Whilst the idea of a £1000 tax free allowance sounds simple as always there are a number of areas which the tax payer needs to be aware of.

There were two new allowances, Trading Allowance and Property Allowance, which were originally introduced in the 2016 budget but was many of the items dropped due to insufficient time for debate prior to the general election. They have now been reintroduced as part of the Finance (No. 2) Bill 2017 which was published in September.

The Trading Allowance was introduced to provide simplicity and certainty for income tax obligations of individuals on small amounts of trading and sundry income from providing goods, services and other assets through, for example, selling on ebay. In its simplest form it provides for a complete exemption from income tax if total trading and sundry income in the tax year is less than £1000. Not only is there no income tax to pay but there is also no requirement to register with HMRC or file tax returns. The threshold applies to INCOME not profits and there are exceptions and nuances which are set out below.

Partial Exemption

Should trading income exceed £1000 there is partial relief in which individuals can choose either to :

  • Deduct their actual business expenses from trading income in the normal way or
  • Elect to use the £1000 trading allowance as a deduction from income (Note if an individual claims partial relief they cannot deduct other expenses)

Do you use Cash basis or GAAP?

The trading allowance applies to both methods of accounting and is applied to whichever method is adopted however, for the purpose of full relief only, if

  • GAAP income is more than £1000 but
  • Cash basis is less than £1000

the cash basis is assumed to be used which allows full relief without needing to elect for the cash basis.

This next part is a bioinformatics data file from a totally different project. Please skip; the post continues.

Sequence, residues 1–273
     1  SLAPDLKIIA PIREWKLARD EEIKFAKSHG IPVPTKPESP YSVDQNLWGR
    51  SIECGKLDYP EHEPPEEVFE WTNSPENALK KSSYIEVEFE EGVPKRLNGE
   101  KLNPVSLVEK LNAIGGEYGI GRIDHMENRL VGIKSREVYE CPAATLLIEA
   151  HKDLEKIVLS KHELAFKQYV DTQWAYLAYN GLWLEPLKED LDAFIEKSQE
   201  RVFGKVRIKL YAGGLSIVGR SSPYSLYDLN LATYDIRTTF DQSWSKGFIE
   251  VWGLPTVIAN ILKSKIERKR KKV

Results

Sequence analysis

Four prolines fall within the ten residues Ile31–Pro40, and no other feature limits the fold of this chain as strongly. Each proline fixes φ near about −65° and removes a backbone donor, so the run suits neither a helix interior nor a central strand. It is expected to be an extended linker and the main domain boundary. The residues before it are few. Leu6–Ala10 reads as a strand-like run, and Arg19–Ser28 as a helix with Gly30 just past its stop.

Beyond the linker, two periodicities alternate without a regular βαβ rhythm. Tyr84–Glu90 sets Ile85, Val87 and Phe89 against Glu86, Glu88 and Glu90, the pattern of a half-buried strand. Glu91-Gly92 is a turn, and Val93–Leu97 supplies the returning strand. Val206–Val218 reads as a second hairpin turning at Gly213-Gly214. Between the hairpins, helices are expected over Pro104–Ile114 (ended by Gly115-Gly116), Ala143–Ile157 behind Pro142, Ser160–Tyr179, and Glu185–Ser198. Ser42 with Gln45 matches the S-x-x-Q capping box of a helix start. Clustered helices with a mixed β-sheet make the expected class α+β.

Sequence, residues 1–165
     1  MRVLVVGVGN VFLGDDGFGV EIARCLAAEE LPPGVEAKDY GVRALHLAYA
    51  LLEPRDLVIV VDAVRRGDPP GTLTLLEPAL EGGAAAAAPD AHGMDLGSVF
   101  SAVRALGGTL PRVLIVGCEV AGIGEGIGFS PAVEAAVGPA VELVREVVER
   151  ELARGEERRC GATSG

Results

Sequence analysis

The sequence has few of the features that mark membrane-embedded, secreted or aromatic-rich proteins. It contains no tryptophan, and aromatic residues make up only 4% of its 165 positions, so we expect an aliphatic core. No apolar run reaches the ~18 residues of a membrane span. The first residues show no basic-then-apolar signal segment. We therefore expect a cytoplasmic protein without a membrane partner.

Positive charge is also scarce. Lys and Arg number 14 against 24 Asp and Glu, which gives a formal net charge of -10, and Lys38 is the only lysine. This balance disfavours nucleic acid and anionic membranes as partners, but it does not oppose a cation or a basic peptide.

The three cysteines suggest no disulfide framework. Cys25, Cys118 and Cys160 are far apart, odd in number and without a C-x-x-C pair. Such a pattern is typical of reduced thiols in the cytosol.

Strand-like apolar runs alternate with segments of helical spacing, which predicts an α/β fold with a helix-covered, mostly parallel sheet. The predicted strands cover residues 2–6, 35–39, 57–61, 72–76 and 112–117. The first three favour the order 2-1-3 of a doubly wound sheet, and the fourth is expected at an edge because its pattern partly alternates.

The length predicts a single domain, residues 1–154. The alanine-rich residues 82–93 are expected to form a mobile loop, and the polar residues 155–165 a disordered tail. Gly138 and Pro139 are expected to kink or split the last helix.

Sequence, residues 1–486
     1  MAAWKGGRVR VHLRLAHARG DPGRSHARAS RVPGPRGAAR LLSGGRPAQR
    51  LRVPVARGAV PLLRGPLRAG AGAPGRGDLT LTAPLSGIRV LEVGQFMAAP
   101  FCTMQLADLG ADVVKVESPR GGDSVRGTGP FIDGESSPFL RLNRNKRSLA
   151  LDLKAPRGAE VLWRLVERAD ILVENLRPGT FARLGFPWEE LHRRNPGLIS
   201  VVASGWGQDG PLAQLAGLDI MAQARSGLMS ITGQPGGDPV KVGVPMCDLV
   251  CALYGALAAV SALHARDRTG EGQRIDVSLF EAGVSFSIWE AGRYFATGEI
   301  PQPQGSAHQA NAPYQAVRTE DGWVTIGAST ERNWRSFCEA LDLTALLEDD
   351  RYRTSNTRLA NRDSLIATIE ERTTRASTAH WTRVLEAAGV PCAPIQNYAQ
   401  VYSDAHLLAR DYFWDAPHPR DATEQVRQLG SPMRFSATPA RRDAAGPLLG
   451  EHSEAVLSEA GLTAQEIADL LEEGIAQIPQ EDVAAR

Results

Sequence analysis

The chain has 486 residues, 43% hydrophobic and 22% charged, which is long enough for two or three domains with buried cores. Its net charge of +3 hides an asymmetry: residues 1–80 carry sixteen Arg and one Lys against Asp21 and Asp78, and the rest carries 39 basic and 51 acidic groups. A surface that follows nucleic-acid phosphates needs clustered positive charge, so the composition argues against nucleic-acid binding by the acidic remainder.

There are Exclusions!

  1. The trading allowamce is not available for partnerships or against income which attracts rent a room relief
  2. No relief is available if trading income includes any amounts received from :
  • An employer, or a spouse/civil partners employer
  • A partnership in which they, or a connected party, are a partner or
  • a close company in which they, or an associate, are a particpator

This second exclusion could be very restrictive as any amount of income from that source will completely deny relief for that tax year.

As an example, if an individual is employed but has a hobby taking photographs and the employer purchases one or a few of the photographs for their website, that will be sufficient to deny relief via the Trading Allowance.

Where an individual has more than one trade or hobby which generates income the total of all activities are used to determine whether the allowance can be claimed which can lead to difficulties if an existing sole trader starts a second small trade.

This means that an individual can claim the allowance despite having a large income from employment or a partnership but an existing sole trader is unlikely to benefit.